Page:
I don’t recall what year it was exactly, late 70’s or early 80’s most likely. The Vancouver Girl’s Softball Association(VGSA) had finally secured a home of its own. A portion of the old Klineline sand and gravel pit land would be cleared to make way for the complex. In those early years, before there was money to pave the parking lot or even procure an official sign to mark the entrance, making our way into the facility felt like an off-road adventure.
This is a submission for Monday’s Finish the Story challenge. Write a story of 100-150 words excluding the first line provided and incorporating the photo prompt.
Dropping her line into Fool’s Lake she patiently waited for something to bite, casting out the negative thoughts and doubts that constantly swam through her mind and nibbled at the edge of her consciousness. She had never tried her luck here before, always sticking with what she knew and using proven bait. As she teetered and swayed slightly, absorbing the waves of heat from overhead and begging for even the faintest ripple, time seemed to stop. Then, mercifully, the strike came. They laughed! This wasn’t just an obligatory,head shaking ‘Man, do I feel sorry for her’ type of chuckle either. The convention hall was filled with ‘I just about drowned in my cocktail’ kind of laughter. The joke she had worked on for weeks had hooked them. Now it was time to reel them in.
Click the frog to see stories from other writers who have accpeted the challenge this week and to submit your own.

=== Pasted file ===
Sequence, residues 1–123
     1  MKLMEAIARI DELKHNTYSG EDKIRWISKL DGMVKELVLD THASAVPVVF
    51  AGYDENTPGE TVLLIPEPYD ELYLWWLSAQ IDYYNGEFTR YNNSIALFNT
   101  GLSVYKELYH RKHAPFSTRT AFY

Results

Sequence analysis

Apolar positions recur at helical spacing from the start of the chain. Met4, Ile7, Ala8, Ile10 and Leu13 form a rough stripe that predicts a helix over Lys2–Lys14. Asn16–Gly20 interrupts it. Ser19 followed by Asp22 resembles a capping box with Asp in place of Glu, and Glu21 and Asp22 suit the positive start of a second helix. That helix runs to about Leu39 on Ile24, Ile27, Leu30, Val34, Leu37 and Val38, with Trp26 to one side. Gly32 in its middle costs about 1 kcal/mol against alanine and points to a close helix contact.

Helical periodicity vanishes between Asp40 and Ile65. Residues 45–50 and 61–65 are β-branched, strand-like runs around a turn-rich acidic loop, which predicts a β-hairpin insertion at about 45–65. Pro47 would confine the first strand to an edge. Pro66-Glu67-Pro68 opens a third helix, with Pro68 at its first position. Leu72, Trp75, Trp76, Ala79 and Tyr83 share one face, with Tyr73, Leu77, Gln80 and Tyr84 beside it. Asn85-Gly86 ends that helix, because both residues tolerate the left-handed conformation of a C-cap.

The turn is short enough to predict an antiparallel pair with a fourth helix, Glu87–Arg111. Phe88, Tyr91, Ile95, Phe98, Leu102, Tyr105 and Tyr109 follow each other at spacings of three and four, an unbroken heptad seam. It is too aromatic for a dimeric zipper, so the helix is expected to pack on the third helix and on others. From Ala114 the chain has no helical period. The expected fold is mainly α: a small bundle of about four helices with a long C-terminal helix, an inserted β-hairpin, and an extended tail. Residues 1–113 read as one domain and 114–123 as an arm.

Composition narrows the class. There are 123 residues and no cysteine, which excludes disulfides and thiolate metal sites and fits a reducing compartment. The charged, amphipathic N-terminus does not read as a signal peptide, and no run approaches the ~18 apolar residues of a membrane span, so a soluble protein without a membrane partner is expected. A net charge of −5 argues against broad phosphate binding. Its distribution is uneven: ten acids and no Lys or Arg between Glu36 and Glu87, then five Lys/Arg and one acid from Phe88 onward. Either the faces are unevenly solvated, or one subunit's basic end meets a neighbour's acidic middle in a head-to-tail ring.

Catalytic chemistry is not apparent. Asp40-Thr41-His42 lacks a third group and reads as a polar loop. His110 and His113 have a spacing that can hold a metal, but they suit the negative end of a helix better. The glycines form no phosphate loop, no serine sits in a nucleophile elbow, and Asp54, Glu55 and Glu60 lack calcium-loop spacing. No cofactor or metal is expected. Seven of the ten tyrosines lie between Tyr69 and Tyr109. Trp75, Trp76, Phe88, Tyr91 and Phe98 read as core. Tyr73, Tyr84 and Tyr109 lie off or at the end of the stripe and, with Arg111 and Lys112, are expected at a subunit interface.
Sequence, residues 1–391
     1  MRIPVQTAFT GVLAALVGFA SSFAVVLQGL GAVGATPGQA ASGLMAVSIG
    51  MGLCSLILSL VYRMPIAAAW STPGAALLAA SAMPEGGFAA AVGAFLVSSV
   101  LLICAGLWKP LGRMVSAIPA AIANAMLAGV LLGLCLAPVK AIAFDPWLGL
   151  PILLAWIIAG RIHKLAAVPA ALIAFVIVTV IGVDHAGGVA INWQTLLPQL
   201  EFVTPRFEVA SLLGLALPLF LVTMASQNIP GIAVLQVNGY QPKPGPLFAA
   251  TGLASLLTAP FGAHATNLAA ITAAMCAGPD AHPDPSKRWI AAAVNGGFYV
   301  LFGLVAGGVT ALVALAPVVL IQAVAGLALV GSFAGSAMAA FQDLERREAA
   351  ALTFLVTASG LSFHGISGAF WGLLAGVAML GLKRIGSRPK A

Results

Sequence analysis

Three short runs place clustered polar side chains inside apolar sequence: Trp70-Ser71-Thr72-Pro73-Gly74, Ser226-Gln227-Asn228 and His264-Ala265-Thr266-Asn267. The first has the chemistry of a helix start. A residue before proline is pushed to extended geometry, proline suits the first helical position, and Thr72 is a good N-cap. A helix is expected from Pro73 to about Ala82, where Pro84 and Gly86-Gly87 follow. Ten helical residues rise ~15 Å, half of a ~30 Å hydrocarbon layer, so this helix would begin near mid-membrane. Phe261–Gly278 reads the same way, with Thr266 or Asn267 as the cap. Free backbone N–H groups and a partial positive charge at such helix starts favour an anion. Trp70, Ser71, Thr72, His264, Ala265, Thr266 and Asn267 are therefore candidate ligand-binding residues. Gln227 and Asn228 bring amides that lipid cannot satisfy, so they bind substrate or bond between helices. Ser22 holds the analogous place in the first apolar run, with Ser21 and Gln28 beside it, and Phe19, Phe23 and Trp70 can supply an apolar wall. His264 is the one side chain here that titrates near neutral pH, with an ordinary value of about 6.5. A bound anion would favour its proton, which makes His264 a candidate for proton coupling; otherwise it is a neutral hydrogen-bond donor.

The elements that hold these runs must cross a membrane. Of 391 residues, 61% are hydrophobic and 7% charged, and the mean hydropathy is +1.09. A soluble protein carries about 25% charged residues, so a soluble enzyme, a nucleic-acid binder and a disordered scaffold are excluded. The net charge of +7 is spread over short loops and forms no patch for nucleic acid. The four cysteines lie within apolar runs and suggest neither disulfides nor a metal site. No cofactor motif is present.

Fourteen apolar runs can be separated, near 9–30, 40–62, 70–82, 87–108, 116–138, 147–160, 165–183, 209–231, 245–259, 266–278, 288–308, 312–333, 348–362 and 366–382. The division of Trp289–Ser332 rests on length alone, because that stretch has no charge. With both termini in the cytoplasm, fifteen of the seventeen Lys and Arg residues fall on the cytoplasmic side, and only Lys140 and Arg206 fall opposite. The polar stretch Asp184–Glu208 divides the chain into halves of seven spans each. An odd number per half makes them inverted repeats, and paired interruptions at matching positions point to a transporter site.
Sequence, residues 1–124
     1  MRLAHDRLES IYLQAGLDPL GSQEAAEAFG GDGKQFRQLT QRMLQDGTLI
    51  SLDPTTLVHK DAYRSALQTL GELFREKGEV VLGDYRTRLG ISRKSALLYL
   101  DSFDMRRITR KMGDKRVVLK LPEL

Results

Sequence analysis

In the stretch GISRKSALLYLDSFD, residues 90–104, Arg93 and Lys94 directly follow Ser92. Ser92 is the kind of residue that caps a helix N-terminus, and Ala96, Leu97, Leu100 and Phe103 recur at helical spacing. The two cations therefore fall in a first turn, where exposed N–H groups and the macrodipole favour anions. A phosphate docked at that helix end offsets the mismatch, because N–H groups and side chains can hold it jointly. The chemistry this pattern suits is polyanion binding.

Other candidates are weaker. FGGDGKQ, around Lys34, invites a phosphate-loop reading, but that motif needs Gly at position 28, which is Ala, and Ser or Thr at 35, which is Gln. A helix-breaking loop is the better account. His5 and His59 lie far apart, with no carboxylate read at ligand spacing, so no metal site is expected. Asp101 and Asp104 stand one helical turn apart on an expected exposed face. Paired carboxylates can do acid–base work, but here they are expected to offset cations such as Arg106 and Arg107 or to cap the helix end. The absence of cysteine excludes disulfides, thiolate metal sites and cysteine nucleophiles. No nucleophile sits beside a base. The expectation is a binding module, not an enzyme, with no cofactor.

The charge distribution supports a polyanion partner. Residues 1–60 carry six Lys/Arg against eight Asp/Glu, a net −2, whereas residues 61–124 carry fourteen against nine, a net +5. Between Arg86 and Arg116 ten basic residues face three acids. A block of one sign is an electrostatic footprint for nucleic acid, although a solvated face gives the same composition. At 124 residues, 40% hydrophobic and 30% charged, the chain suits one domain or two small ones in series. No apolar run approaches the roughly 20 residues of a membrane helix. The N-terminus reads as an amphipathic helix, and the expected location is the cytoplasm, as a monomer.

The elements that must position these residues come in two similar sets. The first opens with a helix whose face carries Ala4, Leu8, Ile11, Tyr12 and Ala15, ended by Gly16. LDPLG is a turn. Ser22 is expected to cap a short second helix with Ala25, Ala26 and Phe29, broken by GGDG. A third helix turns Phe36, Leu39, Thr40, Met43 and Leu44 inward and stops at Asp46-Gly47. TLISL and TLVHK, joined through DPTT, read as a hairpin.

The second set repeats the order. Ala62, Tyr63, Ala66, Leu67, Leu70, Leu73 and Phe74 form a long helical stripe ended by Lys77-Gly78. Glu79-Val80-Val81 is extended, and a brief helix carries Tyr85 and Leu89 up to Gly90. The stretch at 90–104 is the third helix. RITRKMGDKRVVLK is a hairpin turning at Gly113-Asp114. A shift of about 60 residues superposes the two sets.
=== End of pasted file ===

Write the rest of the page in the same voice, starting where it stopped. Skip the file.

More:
Friday Fictioneers is a writing challenge hosted by the talented Rochelle Wisoff-Fields. Writers from near and far use the photo prompt provided to create a 100 word piece of fiction. Click the frog below this post to add your own story and check out everyone’s submissions.
I seem to be seeing the brain, specifically my mom’s brain, in every challenge lately.
Her thoughts and movements were like a troupe of actors reinventing themselves, weaving through the maze of roles that were new and more difficult to them. Their greeness kept her trapped in a maddening script of continuous wrong turns. Lefts pretended to be rights and rights swore they were lefts. She shuffled and bumped into the shadowed corners of their stage, stuck until the faint memory shone through and illuminated her mark, briefly. When darkness returned, as it would today, tomorrow, and always, rehearsal began again. She’d practice, not knowing the curtain would fall before she ever perfected her part.